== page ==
“The cars are very difficult to judge from the mirrors what is actually happening behind you,” Wolff said. “But I think if they would have been more to the left he wouldn’t have passed, he would have been blocked.”

At the same time, when he was alongside, Verstappen still had a lot to do to get ahead, and he did, as Hamilton described it, “a mega job braking into Turn One”.

2021 Mexican Grand Prix start
The decisive move: Verstappen wasted no time getting past both Mercedes at the start

Hamilton out of options

Had they kept the one-two through the first lap, Mercedes might even have been able to hold off Verstappen for the win, despite his pace advantage – having two cars up front gives a team lots of strategic options, and the thin air at 2,200 metres in Mexico City makes following closely and overtaking particularly difficult.

That possibility was gone thanks to Bottas’ positioning on the straight. Then, to make matters worse for Mercedes, Bottas got rammed into a spin by Daniel Ricciardo’s McLaren between Turns One and Two and dropped to the back.

Now it was Hamilton alone, sandwiched between the Red Bulls, and his race quickly became about not losing second place to Sergio Perez rather than challenging Verstappen for the win.

Verstappen was simply too quick – Hamilton reckoned his rival had about 0.5secs a lap or so on him – and he disappeared off into the distance at will.

But Hamilton was able to hold off Perez, despite the Mexican staying out after Hamilton had pitted and building up an 11-lap tyre offset.

Perez caught Hamilton with 12 laps to go, but Hamilton drove well to keep him behind.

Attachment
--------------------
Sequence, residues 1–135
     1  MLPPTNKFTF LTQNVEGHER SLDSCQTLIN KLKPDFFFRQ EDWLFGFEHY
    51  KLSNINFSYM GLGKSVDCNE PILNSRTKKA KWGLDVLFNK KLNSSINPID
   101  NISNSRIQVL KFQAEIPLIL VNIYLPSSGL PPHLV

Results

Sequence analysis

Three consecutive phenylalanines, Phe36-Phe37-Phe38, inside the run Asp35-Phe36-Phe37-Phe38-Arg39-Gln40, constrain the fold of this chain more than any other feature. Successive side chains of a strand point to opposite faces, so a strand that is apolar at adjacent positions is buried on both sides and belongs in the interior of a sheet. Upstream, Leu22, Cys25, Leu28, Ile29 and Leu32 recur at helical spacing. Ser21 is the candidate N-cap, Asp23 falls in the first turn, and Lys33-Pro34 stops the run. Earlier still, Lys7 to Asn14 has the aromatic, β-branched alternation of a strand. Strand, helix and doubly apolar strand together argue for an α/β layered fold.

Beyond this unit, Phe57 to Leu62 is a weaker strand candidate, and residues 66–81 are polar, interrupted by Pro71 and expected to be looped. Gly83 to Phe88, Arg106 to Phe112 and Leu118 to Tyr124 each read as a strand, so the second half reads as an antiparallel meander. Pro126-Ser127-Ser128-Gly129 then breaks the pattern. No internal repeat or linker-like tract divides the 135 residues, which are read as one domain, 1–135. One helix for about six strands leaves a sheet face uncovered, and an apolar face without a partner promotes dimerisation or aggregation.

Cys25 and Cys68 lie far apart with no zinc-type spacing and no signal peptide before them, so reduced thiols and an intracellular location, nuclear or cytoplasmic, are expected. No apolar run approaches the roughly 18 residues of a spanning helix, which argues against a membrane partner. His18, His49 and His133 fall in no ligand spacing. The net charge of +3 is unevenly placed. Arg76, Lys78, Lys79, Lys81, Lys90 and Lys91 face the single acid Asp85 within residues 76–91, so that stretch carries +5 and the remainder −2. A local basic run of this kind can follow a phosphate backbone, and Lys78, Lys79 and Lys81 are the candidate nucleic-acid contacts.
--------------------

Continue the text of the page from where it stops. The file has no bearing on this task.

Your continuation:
“It was damage limitation for Lewis,” Wolff said, “and it was a really tough but great drive to be honest to hold on to second. Probably the car was only good enough for P3 today.”

‘I expect Brazil not to be like this’

Mercedes always expected Mexico to be a difficult race. The title will be decided over the remaining four over the next five weekends. At all of them the fight should be closer, on paper at least.

Brazil next weekend has also been a happy hunting ground for Red Bull – Verstappen won there the last time the race was held in 2019, last year’s having fallen victim to the pandemic. But although Verstappen will go to Interlagos as a narrow favourite, Mercedes should be able to give him more of a fight there.

“I don’t believe in momentum,” Verstappen said on Sunday. “So every single race we have to nail the details, which we didn’t do yesterday [in qualifying]. Things can go wrong very quickly or can go right. It’s going to be really tight and exciting to the end. This has always been a really good track for us. I expect Brazil not to be like it was today.”

Mercedes expect the same, but what is giving them pause is not so much losing to Verstappen in Mexico – that was expected; hence Hamilton’s remarks about being “grateful” he had managed to salvage second – but more what happened at the race before that in Austin.

There, Mercedes expected to have an advantage; instead, their post-event analysis has suggested that Verstappen was about 0.2secs a lap quicker than them in the race. And they can’t explain why the Red Bull had that edge, after a series of races in which the performance seemed to be swinging the other way.

“I am a pretty realistic person,” Wolff said, “but I love motor racing because anything can happen. None of us is ever going to leave the circuit with the the mentality that it is getting away from us.

“There are four races to go, four wins to take and four DNFS to [potentially] suffer. We have to continue fighting. We have a great team. The car was exceptionally good in Turkey [three races ago] and we have it all to win.

“When you look at the mathematical probability, I would rather be 19 points ahead than behind but it is what it is.”

On the face of it, it looks as if Hamilton now effectively needs to win in Brazil if he does not want to leave Sao Paulo with his title chances hanging by a thread. Does he feel that way, too, he was asked?

“Naturally I feel we need to be winning every race,” he said. “We need those extra points to try and regain [ground].

“That was the goal going into the last race and the race before that and here this weekend. But it’s just, you know, they’re just too quick. So, I’m giving it everything we’ve got but unfortunately it’s not enough at the moment to compete with them.”

BBC